You can also choose to use your external hard drive to backup only your data files as described above. It is not necessary to have Windows (or any OS) on the external HD.

Finally, format your external drive for the NTFS file system, used by Windows XP / Vista / Windows 7. Most hard drives come either unformatted or formatted for FAT to be compatible with earlier operating systems like Windows 2000, Windows ME or Windows 98. If you’re using another Operating System, format the external drive with the formatics indigenous to your OS.

“An ounce of prevention is worth a TON of cure” where data is concerned. If you have questions, please feel free to contact me.

Saturday, December 31, 2011

Computer Services - Avoiding Viruses

Of all the computer services we provide in the Roanoke Va area, by far the most popular is virus removal.

Quite often of late I’m asked, "What can I do to prevent a virus infecting my computer?"

The simplest answer I can offer is - do NOT click on any “Pop-Ups!”

Virus protection has become so good lately that the virus writers have to “trick” you into basically inviting them into your computer. They rely on human nature – our wanting to get rid of what's blocking us from doing whatever we’re doing by clicking on the red "X" or the "Cancel" button. When we do this, we send a user-generated response which opens the gate on the firewall, and the virus just walks right in and sits right down.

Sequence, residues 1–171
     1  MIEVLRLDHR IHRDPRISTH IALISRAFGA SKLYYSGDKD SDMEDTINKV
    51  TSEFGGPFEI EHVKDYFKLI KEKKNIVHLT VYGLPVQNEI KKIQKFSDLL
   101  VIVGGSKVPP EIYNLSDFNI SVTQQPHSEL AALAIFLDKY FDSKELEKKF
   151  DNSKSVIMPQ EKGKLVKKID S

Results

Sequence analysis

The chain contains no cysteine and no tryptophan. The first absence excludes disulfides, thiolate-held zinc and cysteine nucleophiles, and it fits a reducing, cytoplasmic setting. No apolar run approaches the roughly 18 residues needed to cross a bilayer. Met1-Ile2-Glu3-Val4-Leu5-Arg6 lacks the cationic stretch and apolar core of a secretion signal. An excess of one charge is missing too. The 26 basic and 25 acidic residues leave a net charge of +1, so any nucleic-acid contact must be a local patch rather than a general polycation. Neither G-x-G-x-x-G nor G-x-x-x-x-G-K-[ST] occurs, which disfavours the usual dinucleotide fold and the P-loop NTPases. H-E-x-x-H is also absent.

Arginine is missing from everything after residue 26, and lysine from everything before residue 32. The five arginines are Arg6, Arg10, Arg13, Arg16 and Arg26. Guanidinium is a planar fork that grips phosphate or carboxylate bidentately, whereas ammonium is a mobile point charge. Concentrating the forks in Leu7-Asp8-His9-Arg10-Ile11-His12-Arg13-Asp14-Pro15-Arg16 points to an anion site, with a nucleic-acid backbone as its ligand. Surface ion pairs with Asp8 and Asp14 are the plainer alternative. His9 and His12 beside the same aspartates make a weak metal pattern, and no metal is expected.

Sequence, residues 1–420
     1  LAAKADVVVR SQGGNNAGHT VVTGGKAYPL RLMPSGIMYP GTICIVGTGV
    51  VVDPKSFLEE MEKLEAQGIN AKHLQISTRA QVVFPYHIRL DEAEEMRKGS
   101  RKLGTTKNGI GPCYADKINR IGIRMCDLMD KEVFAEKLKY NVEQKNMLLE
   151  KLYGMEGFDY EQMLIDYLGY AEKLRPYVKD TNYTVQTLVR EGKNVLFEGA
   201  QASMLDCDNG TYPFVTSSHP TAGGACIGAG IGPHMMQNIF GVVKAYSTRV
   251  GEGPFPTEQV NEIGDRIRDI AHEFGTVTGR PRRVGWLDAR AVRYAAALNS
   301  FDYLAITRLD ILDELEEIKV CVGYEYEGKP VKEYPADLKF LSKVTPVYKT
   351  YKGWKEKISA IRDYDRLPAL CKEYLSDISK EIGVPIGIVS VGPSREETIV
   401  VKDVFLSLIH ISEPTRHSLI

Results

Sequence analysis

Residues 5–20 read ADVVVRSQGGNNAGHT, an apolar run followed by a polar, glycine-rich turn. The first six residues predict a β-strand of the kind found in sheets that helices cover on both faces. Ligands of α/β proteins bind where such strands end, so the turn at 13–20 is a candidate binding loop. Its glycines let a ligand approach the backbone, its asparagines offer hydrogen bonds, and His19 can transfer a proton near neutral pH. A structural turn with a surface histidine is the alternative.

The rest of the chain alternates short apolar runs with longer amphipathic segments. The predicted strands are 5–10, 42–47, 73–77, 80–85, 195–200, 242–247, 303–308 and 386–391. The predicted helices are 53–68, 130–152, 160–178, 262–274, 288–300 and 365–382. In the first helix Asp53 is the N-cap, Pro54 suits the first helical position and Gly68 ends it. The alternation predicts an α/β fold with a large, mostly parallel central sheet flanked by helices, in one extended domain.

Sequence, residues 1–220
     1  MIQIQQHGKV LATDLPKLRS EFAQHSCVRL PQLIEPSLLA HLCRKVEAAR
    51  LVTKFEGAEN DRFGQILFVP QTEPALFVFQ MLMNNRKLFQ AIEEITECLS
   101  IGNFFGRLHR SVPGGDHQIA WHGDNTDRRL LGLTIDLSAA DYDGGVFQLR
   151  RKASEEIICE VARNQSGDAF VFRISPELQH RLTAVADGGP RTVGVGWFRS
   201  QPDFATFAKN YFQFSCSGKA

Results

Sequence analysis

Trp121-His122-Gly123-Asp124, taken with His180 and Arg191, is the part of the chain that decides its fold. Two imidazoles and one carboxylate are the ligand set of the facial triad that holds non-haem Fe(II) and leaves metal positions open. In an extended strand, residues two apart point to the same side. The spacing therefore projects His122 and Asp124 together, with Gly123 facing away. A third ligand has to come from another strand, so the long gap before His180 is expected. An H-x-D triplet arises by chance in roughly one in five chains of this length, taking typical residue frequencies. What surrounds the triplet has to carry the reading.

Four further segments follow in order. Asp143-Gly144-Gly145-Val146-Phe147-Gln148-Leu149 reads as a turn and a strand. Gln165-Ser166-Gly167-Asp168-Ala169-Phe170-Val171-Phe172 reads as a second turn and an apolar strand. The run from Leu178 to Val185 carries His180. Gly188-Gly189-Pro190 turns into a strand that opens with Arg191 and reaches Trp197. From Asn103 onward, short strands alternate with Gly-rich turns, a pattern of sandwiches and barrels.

So how do we g rid of the Pop-Up without clicking on it? Use the old "Ctrl-Alt-Del" key combination - a menu appears, one of the options is "Task Manager." Simply highlight the Pop-Up, and click "End Task." This will prevent the user-generated input the virus requires to infect your computer.

Should you get a virus infection, please call or email us to remove the infection and get your computer up & running again.

We can be reached at (540) 330-4279 or by email at

and please visit our website at

It is our pleasure to offer quality computer services in the beautiful Roanoke, Va area.

Sunday, April 20, 2008

Computer Repair Services in Roanoke Va

"Computer service" is a term that has come to mean many things recently. Services now vary greatly - building computers, upgrading, maintaining, repairing them, networking, backup methods and data recovery.

It is our intention at Salem Computer Doctors in Roanoke, Virginia, to provide all these services and any others necessary to the communities of Roanoke, Salem, Vinton, Va and surrounding area.

Check back here for new posts on subjects like viruses and spyware (and how to prevent them from infecting your computer), setting up a data backup program, and much more - from things we can do for you to simple things you can do yourself.

We also provide web development services including website design.

You can reach us by phone - (540) 330-4279 - or email
and please visit our website at
It is a pleasure to provide the computer service needs of your home, office or organization.